The debate around growth has been an important feature of economic planning in India since Independence. This book deals with the wide range of issues related to the country's growth and development between 1951 and 2011, covering the 11 Five Year Plans formulated and implemented during this period, as well as in the decade after that.
The author traces the changing nature of planning over time-from rigid state control on economic activities, to reliance on market-based planning in the time of economic reforms. He has dealt with the transition from growth measures in the 1970s, to the use of a mix of growth and redistribution in the 1980s, and the economic reforms and liberalization measures from 1991 onwards, and the inclusive growth we have seen in the twenty-first century.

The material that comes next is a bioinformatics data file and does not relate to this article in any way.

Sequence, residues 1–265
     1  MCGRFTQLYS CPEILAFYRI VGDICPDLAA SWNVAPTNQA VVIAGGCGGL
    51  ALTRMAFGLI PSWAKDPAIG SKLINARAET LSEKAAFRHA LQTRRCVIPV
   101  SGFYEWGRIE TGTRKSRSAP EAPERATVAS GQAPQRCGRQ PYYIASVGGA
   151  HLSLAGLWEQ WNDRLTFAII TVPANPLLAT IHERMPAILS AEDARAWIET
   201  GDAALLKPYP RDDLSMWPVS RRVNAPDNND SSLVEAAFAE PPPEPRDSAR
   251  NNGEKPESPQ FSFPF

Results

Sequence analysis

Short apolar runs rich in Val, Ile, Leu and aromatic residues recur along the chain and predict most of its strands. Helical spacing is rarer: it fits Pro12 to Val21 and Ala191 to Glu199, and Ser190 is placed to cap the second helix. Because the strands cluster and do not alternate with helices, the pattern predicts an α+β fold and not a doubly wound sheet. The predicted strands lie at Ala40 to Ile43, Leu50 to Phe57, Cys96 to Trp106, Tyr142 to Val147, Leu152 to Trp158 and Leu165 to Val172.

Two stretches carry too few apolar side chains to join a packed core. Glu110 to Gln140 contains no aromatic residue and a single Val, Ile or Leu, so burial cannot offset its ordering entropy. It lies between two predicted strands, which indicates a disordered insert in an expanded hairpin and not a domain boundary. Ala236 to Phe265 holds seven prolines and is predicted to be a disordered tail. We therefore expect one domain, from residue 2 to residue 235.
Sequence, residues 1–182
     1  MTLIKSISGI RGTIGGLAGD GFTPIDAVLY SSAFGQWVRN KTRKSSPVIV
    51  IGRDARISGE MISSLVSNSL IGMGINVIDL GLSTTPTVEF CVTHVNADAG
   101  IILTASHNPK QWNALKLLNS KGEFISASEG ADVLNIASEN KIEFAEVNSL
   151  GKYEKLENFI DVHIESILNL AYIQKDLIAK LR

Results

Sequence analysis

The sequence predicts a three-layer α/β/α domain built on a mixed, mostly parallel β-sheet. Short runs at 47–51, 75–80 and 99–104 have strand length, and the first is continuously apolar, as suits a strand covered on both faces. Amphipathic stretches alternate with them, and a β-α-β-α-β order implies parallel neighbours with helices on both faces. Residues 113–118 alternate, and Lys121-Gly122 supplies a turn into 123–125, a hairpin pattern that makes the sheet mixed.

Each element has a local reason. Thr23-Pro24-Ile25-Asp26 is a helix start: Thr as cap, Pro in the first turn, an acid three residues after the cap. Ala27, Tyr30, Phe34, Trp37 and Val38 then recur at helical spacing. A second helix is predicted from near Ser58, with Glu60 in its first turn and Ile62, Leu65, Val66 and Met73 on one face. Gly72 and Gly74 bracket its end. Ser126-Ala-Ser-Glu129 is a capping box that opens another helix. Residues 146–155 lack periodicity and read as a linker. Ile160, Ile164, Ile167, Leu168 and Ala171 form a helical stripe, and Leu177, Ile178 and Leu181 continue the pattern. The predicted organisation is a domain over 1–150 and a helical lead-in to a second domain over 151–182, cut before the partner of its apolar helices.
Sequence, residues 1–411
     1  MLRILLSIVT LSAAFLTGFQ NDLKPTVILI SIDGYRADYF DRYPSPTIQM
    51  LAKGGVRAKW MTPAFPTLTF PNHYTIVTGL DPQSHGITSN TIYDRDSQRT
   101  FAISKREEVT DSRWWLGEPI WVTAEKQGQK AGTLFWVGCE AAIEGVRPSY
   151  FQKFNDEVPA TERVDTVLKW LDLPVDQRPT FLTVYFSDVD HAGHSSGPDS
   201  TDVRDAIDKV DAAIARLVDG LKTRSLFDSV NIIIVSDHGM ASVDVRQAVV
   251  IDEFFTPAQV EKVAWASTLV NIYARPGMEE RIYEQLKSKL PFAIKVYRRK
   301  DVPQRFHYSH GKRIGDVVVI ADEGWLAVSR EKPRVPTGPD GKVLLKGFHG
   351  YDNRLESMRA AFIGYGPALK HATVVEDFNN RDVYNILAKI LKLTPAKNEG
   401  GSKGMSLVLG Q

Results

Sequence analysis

The central theme of the book is to analyse the role that planning played in maximizing the rate of economic growth and in improving the living standards of the people. Considering India's rapidly changing socio-economic environment, many of the issues around growth and development are contentious.
The author discusses them here with academic rigour and an insider's insight, thus enabling a fair assessment.